Fig. 5 Adjustment Screws on the Chair

Fender Chair 1 Sideward 2 Forward / backward 3 Damper (sordin) Rickenbacker Chair

THE NECK Fender basses are equipped with an adjustable steel rod in the neck. Adjusting the neck is job for experts only. Do not try to adjust it yourself.

Fig. 6 The Adjustable Steel Rod on a Fender Bass (seen from the back of the instrument)

Chapter 2, BASS TECHNIQUE, Page 7, General Introduction The width and thickness of the neck vary much although the length is now standardized.

Width Fender Precision Bass Fender Jazz Bass Gibson Rickenbacker Yamaha, 5-string Broad Narrow Medium Medium Broad Thickness Thin Heavy Thin Thin Heavy

Fig. 7 Neck Dimensions of Various Bass Brands / Models

THUMB SUPPORT The bridge or the pickup is where to put your thumb when you play with your fingers. NEVER use the open E 4th string as a thumb support. You will have to lift the thumb every time you want to play on your "support" string, slowing down your tempo and precision. Many ­ far too many ­ bass players have this bad habit.

Chapter 2, BASS TECHNIQUE, Page 8, Tuning

Tuning

Tuning the bass used to be a bit of a problem, especially for beginners, but today even novices are saved by modern technology.

Fig. 8 Bass Strings, 5-string Standard

G D A E B*) 1 string nd 2 string rd 3 string th 4 string th 5 string

st

*) The B string is called H in Germany and the Scandinavian countries

TUNING WITH THE DIGITAL TUNER Turn the switch to the deep E. Keep picking the E-string while turning the tuning peg until the tuning graph / arrow stops moving. Set the switch to the next note A and repeat the process with the A, D and G strings. Add B on 5-string basses.

TRADITIONAL TUNING Digital tuning is simple, but it does not take the conditions of the neck in account. Even if the open strings are in tune, the bass could very easily be out of tune on the higher frets. You must therefore try to learn tuning your bass by "ear". Start with digital tuning the first months and then proceed with the "real" tuning methods. Start by tuning the E 4th string to the low E. You can use a piano or keyboard to "catch" the pitch of the note. Fig. 9 Tuning the Bass Strings after the Piano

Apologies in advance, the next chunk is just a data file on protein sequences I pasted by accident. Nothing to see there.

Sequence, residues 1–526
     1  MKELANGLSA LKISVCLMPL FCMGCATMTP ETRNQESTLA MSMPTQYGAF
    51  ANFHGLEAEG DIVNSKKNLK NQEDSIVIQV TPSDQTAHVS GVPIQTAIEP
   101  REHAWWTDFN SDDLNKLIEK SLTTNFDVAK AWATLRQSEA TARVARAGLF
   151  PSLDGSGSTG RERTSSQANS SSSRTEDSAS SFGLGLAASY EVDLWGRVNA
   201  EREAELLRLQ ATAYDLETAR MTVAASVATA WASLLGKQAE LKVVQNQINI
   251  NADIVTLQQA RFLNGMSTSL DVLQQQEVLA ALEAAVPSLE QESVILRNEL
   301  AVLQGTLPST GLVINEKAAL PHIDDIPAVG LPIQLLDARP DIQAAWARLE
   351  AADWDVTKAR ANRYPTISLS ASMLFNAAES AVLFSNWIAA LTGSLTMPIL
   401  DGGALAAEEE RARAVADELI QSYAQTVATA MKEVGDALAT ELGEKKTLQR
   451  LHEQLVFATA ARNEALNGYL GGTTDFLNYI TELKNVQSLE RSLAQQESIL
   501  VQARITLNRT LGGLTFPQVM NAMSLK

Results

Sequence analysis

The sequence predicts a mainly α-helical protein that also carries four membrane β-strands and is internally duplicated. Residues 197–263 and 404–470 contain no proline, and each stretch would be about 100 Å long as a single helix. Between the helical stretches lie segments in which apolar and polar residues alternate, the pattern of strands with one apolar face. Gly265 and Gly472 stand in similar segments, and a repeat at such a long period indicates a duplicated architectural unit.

Chapter 2, BASS TECHNIQUE, Page 9, Tuning Tuning Fork You may alternatively use a "tuning fork", but as the tuning fork is tuned in A, you must start with tuning the A 3rd string instead of the E 4th string. In this case, start tuning the D 2nd string etc. and finish by tuning the E 4th string. Historical note: Before the arrival of digital tuners, it was most common to start tuning the A 3rd string.

STANDARD TUNING IN FOURTH INTERVALS*)

E A

First tune the E string. NOTE Tune the B string on 5-string basses as the last string. Pick the deep E 4th string with your left-hand finger on the 5th fret (the A note), and pick the open A 3rd string shortly after. Keep picking both the E 4th string and A 3rd string while adjusting the E 4th string with its tuning peg until you can hear that the two pitches sound exactly the same. Pick the A 3rd string on the 5th fret (the D note) and tune the open D 2nd string with its tuning peg while picking both the A 5th string and the D 4th string until the two pitches are in tune with each other. Pick the D 2nd string on the 5th fret (the G note) and tune the open G 1st string with its tuning peg while picking both the D 4th string and the G 3rd string until the two pitches are in tune with each other.

D G

*) See All Aspects of ROCK & JAZZ 1/ Music Theory, chapters Scales and Harmony

ADVANCED TUNING WITH NATURAL HARMONICS*)

E A

First tune the E string. NOTE Tune the B string on 5-string basses as the last string. Play a natural harmonic by lightly touching the deep E 4th string with a left-hand finger precisely above the 5th fret (without pressing the string!), and do the same on the 7th fret on the A 3rd string. Adjust the tuning peg for the E 4th string until you hear the same pitches without any "waving" effect (the note trembles due to interferences between two notes out of tune When the notes are in tune, the wavering stops and they become one note). Repeat the procedure with a natural harmonic on the A 3rd string's 5th fret and a natural harmonic on the D 2nd string's 7th fret. Adjust the tuning peg for the D 2nd string until the notes become one without any wavering. Repeat the procedure with a natural harmonic on the D 2nd string's 5th fret and a natural harmonic on the G 1st string's 7th fret. Adjust the tuning peg for the G 1st string until the notes become one without any wavering.